India is now staring at a squeeze in coal reserves with demand far outstripping supply, which could plunge the country into a major power crisis.
With the economy recovering after Covid-19 lockdowns and other curbs on economic activity, a sharp surge in energy demand has triggered an unprecedented fuel shortage at the country’s coal-fired stations.
These power plants had an average of four days’ worth of stock of fuel at the end of last month, down from 13 days at the start of August.
More than half the plants are on alert for outages. Of the 104 thermal plants monitored daily, 15 with a generation capacity of 14,875MW had zero days of coal stocks on September 30, while another 39 with a capacity of 52,530MW had stocks of less than three days. Another 6,960MW of capacity is facing plant outage due to the unavailability of coal.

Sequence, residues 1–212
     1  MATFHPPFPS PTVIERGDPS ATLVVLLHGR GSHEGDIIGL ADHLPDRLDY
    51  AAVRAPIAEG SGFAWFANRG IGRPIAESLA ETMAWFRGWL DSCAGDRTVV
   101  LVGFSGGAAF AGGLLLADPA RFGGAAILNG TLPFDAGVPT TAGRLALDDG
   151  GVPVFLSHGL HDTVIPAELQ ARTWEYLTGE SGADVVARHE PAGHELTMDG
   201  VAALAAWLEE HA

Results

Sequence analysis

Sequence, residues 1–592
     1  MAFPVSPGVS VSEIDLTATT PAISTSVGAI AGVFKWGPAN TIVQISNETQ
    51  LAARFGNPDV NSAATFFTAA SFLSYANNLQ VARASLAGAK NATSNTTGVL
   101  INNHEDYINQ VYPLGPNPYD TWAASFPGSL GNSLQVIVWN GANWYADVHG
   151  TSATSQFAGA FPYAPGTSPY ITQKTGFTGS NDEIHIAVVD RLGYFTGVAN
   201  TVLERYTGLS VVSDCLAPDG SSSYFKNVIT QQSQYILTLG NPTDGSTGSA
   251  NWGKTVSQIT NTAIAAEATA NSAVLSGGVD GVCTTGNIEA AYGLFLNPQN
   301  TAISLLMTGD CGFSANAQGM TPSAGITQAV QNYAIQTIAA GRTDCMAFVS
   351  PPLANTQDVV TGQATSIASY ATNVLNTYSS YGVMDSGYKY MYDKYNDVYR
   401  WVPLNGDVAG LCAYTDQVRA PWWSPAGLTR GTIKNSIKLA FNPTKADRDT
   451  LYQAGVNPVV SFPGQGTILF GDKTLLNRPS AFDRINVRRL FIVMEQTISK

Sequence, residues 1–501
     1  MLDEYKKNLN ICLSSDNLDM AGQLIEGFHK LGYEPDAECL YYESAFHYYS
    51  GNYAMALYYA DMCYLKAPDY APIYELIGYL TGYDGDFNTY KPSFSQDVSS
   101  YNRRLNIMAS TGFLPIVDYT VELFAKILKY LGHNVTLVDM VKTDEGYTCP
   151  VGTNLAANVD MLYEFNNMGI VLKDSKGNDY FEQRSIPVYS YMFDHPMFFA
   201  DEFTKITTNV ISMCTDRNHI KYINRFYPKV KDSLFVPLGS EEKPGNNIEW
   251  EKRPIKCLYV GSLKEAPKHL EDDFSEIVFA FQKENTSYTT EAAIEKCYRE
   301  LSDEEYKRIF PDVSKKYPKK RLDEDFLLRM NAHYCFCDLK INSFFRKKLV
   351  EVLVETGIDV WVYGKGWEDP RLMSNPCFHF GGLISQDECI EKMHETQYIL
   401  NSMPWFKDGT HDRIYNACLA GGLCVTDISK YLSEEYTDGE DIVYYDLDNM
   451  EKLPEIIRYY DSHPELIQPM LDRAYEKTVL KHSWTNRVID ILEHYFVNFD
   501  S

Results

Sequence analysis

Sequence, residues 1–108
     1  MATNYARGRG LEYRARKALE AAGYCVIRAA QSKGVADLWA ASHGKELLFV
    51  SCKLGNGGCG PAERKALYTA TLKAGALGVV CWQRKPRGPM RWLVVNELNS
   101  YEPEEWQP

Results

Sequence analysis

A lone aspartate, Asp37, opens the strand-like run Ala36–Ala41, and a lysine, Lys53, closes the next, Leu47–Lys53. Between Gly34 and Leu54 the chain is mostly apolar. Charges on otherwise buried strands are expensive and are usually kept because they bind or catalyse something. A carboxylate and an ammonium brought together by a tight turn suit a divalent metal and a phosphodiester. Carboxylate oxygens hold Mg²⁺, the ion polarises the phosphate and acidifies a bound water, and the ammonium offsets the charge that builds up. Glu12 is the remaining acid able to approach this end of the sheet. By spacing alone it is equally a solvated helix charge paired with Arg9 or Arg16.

Coal inventories at Indian power plants fell to about 8.1 million tons at the end of September, about 76% less than a year earlier, it added.
The country’s power minister RK Singh is concerned over the supply crunch and warned it could last for another six months. “I can’t say I am secure … If you have 40,000-50,000MW (of thermal capacity) with less than three days of stock, you can’t be secure,” Singh told The Indian Express.
Singh said demand normally started to decline in the second half of October, when winter sets it, but admitted it was a “touch and go” situation. However, he said his ministry was working toward averting a crisis.
In India, coal-fired power stations account for nearly 70% of electricity generation. There have been reports that coal supplies have been diverted from key customers including aluminum smelters and steel mills. The country meets about three-quarters of its demand locally, but heavy rains have flooded mines and key transport routes.
The government has amended rules with the aim of allowing a 50% sale of coal from captive mines. The move is likely to benefit more than 100 captive coal and lignite blocks. The availability of additional coal will ease pressure on power plants.
This crisis comes amidst a global energy crunch, with a sharp surge in demand across Europe, China and elsewhere after the opening up of economies. Supply chains are being tested.